A BATTLE over state funding for students at one of South Africa’s largest nursing colleges is brewing between the Democratic Nursing Organisation of SA (Denosa) and the Eastern Cape Health Department.
Denosa is furious over the department’s new bursary system for student nurses at the Lilitha College of Nursing which is substantially lower than the previous salary-based funding.
But the department claims the new system helps prevent nurses from spending their book and meal allowances on items like flat-screen TVs.
Lilitha is the second-largest college in South Africa and operates five campuses and 13 sub-campuses in the Eastern Cape, including Nelson Mandela Bay.
The bursary system was implemented in April and is slowly being phased in across the province.
The department is adamant the new system – about R57000 a year per student – will continue.
But Denosa wants the salary- based scheme – about R162000 a year for education and salary costs – to be reinstated.
Denosa provincial secretary Koliswa Tota said the bursary system could not financially support the students.The union also claims the new system will act as a constraint in creating future jobs.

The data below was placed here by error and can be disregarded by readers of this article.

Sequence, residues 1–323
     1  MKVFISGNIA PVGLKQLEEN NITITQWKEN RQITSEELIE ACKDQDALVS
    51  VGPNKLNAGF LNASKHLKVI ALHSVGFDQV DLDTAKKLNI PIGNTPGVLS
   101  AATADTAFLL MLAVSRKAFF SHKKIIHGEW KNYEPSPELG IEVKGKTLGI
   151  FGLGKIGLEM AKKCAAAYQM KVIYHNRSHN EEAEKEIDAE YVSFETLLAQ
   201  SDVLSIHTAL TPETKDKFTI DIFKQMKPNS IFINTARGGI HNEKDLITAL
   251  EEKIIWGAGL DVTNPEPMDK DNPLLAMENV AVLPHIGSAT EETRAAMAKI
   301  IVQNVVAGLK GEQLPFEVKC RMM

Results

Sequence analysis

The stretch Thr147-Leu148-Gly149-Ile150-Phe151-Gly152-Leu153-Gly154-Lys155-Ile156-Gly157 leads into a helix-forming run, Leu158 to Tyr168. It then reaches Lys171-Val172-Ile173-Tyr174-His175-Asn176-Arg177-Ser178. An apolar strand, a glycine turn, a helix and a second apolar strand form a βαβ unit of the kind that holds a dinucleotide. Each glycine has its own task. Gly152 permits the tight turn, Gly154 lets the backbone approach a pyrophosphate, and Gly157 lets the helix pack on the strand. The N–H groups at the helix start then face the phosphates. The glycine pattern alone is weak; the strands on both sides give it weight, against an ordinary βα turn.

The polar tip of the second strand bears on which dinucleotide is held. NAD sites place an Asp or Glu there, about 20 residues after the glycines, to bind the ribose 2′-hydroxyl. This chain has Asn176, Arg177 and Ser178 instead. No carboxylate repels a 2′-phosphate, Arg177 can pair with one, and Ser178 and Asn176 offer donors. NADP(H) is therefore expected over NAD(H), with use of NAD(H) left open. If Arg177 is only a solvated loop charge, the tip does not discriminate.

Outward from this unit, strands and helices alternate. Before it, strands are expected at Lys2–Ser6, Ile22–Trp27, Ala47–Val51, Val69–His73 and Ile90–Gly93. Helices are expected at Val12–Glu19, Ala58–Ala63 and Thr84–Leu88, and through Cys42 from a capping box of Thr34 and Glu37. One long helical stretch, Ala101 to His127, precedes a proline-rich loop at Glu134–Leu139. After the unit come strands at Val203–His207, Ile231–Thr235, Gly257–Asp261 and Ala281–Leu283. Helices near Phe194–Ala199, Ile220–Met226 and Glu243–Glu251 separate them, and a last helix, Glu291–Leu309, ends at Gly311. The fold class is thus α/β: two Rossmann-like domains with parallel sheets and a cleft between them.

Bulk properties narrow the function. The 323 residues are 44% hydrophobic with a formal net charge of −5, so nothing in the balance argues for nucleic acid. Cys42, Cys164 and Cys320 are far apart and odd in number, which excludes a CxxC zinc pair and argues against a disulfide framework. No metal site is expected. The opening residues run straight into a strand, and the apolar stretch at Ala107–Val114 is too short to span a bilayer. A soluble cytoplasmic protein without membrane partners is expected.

"The department is now ignoring the poorest of the poor with the new bursary,” Tota said.
The union has already lodged a complaint with the national department.
Tota said students would struggle to buy food, uniforms required during training and textbooks under the new scheme.
"We oppose this new system and will fight for it to be removed,” she said.
She denied that students wasted the money on frivolous items.
The union was depending on Health Minister Dr Aaron Motsoaledi’s reversing the decision and expected an answer from him soon.
For the 2012/13 year, the department budgeted R324-million for the college, based on the new bursary system.
Last year, the department found that 86% of the college’s budget was being used to compensate students and college staff.
With the budget reform, the department increased the student intake from 750 last year to 1230 this year.
"A 43% saving on the cost of funding salaried students made it possible to increase the capacity at the college,” a department report said.
"Recent events were the manipulation of meal and book allowances [which] saw many bursars boasting with their flat-screen televisions and other high-end consumer goods.”
Provincial spokesman Sizwe Kupelo said the department was forging ahead with the new system.